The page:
When Marieke won four medals at the Paralympics, she'd already been approved for euthanasia.

In 2008, Marieke Vervoort was handed documents that spelled the end of her life. She wasn’t fearful of them; in fact, they brought her a sense of peace. Because those pieces of paper gave her the power to choose when that would come, and how it would come.

This week, 11 years on, she made that choice.

The 40-year-old Belgian athlete died by voluntary euthanasia on Tuesday in the city of Diest, after decades living with an incurable, degenerative muscle disease.

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The wheelchair racing champion was diagnosed at the age of 14. She lived with paralysis in her legs, constant excruciating pain that left her barely able to sleep, that made her scream so loudly she would wake her neighbours. In recent years, she also experienced deteriorating vision and regular epileptic seizures.

Her condition was one that she felt would eventually become unendurable. That the bad days would swallow the good. In 2008, she obtained approval from doctors to access euthanasia.

But still, Marieke focussed on the present.

She threw herself into sport; wheelchair basketball, swimming, triathlons. At the 2012 London Paralympic Games, she won gold in the T52 100m wheelchair race and silver in the 200m. She followed with a 400m silver and 100m bronze in Rio four years later.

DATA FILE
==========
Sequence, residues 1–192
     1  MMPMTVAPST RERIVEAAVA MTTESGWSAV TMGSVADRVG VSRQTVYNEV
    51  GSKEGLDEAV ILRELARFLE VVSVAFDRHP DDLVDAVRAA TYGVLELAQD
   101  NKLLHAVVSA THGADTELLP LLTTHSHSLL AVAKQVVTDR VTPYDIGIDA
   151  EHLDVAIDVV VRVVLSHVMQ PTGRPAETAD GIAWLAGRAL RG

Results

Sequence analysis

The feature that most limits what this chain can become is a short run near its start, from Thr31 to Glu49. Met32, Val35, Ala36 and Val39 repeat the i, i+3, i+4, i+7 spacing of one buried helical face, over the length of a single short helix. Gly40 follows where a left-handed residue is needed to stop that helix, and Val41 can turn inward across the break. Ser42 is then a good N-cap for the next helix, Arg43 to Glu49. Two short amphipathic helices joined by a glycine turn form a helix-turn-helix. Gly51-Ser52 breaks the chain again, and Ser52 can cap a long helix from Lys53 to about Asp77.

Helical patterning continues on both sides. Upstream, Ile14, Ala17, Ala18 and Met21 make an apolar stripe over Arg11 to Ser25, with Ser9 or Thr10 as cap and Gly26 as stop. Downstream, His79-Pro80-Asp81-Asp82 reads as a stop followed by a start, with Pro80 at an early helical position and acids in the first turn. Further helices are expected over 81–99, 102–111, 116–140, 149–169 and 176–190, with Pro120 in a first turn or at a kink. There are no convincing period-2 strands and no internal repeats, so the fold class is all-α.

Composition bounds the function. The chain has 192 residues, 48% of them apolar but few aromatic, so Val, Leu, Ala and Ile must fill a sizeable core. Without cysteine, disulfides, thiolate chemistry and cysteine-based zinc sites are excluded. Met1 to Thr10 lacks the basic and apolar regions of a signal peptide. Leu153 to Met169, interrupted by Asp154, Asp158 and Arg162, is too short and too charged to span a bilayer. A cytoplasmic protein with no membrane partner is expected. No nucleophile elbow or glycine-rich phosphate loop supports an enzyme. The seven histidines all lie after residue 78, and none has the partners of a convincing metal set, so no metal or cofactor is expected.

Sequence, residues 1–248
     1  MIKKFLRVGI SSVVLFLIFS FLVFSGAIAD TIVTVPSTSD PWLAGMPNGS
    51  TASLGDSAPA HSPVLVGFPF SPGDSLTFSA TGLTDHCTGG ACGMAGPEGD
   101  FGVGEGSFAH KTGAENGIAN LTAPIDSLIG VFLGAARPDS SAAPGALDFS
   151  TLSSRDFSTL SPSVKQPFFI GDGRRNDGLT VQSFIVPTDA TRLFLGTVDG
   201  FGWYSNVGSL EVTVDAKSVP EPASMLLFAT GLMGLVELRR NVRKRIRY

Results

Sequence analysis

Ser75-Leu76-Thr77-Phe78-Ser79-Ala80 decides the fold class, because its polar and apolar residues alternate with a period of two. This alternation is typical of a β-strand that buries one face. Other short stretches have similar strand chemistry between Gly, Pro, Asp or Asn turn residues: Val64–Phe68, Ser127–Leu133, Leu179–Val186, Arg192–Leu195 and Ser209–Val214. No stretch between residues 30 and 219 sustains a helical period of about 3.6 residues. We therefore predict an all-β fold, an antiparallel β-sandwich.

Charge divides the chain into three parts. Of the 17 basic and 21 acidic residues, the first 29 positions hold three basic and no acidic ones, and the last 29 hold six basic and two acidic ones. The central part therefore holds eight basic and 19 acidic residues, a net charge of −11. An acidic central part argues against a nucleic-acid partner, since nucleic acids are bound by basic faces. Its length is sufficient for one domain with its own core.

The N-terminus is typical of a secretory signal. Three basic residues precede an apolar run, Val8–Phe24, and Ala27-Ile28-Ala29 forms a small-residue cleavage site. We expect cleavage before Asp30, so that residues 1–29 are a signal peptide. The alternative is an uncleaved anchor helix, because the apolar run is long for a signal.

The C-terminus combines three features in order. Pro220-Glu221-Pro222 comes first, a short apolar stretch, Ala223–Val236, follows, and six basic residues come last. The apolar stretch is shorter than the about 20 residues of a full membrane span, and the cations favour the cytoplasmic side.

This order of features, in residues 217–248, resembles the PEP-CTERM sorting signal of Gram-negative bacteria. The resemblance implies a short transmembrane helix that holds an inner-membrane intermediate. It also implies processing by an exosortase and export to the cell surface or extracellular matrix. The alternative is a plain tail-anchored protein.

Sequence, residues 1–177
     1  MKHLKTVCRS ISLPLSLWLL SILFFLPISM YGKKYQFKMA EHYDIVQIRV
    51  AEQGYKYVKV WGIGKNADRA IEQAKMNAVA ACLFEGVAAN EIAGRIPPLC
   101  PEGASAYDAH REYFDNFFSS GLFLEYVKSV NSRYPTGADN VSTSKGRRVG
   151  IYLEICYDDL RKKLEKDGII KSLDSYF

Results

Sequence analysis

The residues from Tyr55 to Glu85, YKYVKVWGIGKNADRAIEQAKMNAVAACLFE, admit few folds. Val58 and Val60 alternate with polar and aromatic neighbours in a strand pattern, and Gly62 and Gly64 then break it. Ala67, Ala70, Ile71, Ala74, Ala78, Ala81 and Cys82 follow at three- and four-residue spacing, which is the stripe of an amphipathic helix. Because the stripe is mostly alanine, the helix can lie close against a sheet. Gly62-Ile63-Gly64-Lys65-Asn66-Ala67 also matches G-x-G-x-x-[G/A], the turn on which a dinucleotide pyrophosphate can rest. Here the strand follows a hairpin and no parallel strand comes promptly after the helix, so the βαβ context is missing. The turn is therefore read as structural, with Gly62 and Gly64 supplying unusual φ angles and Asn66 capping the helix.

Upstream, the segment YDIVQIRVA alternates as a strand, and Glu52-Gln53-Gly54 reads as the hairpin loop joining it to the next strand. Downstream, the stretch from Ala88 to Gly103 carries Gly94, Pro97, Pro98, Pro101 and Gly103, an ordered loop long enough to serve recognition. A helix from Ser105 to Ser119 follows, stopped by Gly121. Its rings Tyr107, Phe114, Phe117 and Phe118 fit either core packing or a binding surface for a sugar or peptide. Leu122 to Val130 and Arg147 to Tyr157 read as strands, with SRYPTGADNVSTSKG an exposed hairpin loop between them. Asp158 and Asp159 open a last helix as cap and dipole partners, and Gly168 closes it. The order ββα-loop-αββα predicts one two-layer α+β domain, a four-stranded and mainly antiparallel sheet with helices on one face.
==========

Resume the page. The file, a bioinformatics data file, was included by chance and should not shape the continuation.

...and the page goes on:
It was then, at a press conference, that Marieke announced her plans to retire and, ultimately, end her life.

Marieke won two medals in London, 2012. Image: Getty.

She gave a glimpse into her daily struggles: "I can suffer so much that I lose consciousness because of pain or I can have, for a few minutes, an epileptic attack. So I have to live day by day."

She mentioned how sport became a way to cope: "Sometimes when I'm training, I push all my pain, everything off me, because I'm so angry. Why me? Why does this have to happen to me? Why all this? I want to live, I want to be happy. I don't want to have any pain. I want to enjoy every little moment."

And she shared a message with the world: "I want to inspire people that they have to live day by day and enjoy every little moment. Everybody can have tomorrow a car accident and die or have a heart attack and die, and please, enjoy every little moment. It can be over tomorrow for anybody."

"I hope everybody sees that this is not murder."

Unlike like most people in her position, she had control over when her 'tomorrow' would be.

In most countries around the world, euthanasia remains illegal. In Australia, voluntary assisted death is only permitted in Victoria under strict conditions. Similar laws are currently being debated in Western Australian parliament.

In an interview with CNN in 2016, Marieke said that she hoped the attention generated by her plans would be heard by legislators around the world.

"I think there will be fewer suicides when every country has the law of euthanasia," she said. "I hope everybody sees that this is not murder, but it makes people live longer."

For 24-hour crisis support, please call Lifeline on 13 11 14.